As I write this review, I am observing the Yahrzeit, the anniversary of the death of my oldest sister, Carol, who passed away close to 30 years ago. Carol had Down’s Syndrome, a severe form of mental retardation. When she was born in the late 1930s, this condition was in the proverbial closet, and rarely discussed in public forums.
My conversations with Carol when I was a child were always straightforward, but once I was very surprised by a remark of hers. My father was trying to get her to speak slower so he could understand what she said and he told her: “Hold your horses.” Carol responded: “I have no horses to hold.” To my 10-year old mind, Carol’s answer was hilarious, and both I and my family burst out laughing. Carol laughed too, understanding that she told a good joke.
The incident reminded me that when we deal with people with disabilities, especially mental retardation, we have to leave our preconceived notions at the door. We have to realize that there are many gradations of mental retardation and they present themselves in many different ways.
I can recall Bobby Duffy, a mentally handicapped fellow I met in my childhood, who was a superb ping-pong player. Watching I Am Sam, in which several mentally challenged people reveal an encyclopedic knowledge of Beatles legend and lore, made me think of Bobby who excelled at one endeavor even though he was intellectually functioning at a very low level. I was reminded of Bobby again when my son-in-law, a special education expert, was working for a school with the acronym of SCHI, which stood for School for Children of Hidden Intelligence. The name of the school was ingenious because it implied that even handicapped kids had intelligence, albeit an intelligence of a different kind.
I Am Sam tells the story of Sam Dawson, a mentally retarded adult who has fathered a child with a homeless woman, who leaves Sam right after giving birth to their daughter. She wants nothing to do with either Sam or the new baby, and Sam is left with the awesome responsibility of caring for his child, which he does with the assistance of Annie, a kind neighbor.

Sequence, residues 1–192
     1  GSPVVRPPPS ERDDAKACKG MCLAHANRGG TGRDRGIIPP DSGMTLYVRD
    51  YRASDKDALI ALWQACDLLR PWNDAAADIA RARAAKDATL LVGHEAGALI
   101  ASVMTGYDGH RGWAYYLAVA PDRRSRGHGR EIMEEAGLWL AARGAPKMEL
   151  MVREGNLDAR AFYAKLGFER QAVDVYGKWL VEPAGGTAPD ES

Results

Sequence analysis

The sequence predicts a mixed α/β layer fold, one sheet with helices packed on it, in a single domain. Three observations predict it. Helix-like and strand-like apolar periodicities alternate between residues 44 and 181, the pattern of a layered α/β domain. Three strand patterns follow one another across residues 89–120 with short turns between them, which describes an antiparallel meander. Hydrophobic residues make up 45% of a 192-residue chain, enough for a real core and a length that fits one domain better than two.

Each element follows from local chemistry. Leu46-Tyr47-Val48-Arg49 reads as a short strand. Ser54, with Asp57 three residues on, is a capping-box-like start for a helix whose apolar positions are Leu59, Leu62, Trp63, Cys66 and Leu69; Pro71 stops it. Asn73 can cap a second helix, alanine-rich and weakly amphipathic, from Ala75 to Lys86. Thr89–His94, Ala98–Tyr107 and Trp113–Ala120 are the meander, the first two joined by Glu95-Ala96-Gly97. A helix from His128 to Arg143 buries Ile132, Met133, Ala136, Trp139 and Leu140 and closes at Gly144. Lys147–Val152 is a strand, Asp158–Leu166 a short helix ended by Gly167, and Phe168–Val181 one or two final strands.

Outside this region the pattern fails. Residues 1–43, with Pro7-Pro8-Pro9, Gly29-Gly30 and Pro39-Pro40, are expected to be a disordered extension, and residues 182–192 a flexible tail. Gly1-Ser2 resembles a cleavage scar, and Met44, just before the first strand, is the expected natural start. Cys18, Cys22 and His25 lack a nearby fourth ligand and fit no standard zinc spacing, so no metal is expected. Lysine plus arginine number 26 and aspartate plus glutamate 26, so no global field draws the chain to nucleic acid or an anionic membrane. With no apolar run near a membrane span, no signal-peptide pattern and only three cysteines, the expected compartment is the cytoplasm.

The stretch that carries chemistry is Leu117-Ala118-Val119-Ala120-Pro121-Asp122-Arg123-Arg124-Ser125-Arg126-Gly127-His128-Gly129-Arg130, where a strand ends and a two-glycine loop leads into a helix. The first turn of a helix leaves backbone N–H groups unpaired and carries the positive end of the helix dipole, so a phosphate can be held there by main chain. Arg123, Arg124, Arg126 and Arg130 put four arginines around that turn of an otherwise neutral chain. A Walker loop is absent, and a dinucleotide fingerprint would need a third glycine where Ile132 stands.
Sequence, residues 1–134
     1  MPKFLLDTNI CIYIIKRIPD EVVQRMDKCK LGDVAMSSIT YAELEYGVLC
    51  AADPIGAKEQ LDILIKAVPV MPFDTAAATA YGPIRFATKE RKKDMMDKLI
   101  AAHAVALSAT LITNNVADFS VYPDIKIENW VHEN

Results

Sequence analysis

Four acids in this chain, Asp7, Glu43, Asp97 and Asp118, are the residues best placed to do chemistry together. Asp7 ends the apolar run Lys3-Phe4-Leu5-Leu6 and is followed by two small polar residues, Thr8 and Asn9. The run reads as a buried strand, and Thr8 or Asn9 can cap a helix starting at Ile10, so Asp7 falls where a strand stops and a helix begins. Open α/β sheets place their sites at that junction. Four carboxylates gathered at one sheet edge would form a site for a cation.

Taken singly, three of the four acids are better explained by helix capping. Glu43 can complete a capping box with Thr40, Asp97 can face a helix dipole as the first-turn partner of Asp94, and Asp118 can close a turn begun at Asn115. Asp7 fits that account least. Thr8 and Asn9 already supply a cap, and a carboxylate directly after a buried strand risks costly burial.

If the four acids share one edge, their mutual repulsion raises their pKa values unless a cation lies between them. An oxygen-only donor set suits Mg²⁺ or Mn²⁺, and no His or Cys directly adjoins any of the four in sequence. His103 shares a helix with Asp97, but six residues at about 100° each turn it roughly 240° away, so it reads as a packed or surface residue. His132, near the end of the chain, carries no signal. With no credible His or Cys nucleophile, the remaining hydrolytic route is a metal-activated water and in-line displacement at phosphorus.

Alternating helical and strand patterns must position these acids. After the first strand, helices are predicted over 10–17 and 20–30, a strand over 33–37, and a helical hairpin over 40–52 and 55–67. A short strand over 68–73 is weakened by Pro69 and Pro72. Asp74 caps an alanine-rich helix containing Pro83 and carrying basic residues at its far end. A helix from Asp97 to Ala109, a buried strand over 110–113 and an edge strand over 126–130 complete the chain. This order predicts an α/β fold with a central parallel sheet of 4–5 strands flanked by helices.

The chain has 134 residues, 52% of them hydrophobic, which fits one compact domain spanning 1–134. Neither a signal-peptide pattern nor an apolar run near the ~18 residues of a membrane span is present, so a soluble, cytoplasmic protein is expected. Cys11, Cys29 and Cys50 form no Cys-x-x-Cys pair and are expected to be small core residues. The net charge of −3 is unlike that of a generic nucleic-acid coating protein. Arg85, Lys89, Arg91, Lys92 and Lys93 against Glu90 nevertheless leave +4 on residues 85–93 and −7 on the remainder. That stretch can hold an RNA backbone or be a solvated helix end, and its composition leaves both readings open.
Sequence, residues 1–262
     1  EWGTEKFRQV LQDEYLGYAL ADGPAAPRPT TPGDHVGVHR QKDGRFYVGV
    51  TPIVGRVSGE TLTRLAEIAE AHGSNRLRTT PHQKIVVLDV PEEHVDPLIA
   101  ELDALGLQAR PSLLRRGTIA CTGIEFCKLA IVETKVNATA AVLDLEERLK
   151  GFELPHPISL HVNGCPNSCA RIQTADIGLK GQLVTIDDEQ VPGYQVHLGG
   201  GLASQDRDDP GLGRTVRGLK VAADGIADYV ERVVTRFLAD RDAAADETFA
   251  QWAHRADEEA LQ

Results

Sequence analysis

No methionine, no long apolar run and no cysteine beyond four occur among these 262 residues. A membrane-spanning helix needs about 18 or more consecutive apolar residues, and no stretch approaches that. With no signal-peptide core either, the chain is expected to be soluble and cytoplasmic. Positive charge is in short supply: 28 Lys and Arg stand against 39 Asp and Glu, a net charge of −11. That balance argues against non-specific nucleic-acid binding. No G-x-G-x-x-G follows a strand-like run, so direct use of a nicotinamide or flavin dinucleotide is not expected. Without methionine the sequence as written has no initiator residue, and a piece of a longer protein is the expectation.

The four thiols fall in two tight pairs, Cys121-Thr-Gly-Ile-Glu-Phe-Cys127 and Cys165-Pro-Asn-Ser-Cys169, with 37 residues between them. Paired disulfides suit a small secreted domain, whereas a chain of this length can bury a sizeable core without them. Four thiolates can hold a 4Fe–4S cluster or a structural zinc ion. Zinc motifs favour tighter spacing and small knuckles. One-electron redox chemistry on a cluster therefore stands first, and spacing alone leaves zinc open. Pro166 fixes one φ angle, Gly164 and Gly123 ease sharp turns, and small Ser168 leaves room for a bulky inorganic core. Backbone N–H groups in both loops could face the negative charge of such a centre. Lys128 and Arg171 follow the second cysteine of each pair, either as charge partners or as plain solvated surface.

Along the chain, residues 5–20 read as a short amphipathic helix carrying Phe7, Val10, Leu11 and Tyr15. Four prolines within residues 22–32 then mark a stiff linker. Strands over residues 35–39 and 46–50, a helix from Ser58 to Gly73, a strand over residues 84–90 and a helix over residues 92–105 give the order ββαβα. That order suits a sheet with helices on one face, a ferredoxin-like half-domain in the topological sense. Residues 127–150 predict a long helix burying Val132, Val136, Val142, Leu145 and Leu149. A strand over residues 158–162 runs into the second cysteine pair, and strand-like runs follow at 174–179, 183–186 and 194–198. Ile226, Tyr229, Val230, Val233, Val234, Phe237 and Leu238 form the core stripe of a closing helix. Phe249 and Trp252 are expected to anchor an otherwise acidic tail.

In a few years, Lucy, his daughter, surpasses her father intellectually and social services challenge Sam’s ability to care for his precocious daughter. A court custody case ensues, and Sam desperately seeks legal representation.
Due to an unusual set of circumstances, Rita, a high-powered lawyer, volunteers to help Sam on a pro bono basis, and thus begins her journey on a road to understanding the world of mentally challenged people as well as a road of self-understanding. An early conversation between Sam and Rita illustrates the initiation of Rita’s learning process. She asks Sam: “I just don’t know what to call you: retarded, mentally retarded, mentally handicapped, mentally disabled, intellectually handicapped, intellectually disabled, developmentally disabled, “ to which Sam responds: “ You can call me Sam.” Rita quickly learns that labeling people does not allow you to truly recognize the uniqueness of every human being.
Jewish tradition regards every child as special and as possessing a perfect soul. From the point of view of Jewish law, mentally retarded children are not accountable for their actions. The Chazon Ish, a great sage of the twentieth century, suggested that such children have a unique purpose in the world. Unlike normal children who are charged with improving their character, the purpose of the Down’s Syndrome child is to bring out the best in others, to foster sensitivity in those whom they meet both within the family and without. For example, when Rita asks Sam to manipulate the truth for the sake of retaining custody of Lucy, Sam tells her that he can’t do this. Lying is not in his genetic code. He can only tell the truth and he cannot use subterfuge. This forthright answer silently encourages Rita to face the truth of her own family situation, married to an unfaithful husband and mother to a child that has little respect for her.
I Am Sam is an emotionally touching film that helps us understand the world of the mentally challenged. In the process, it makes us reflect on our own modalities for relating to family and friends. Sam reminds us that love is more important than wisdom in lubricating our human relationships.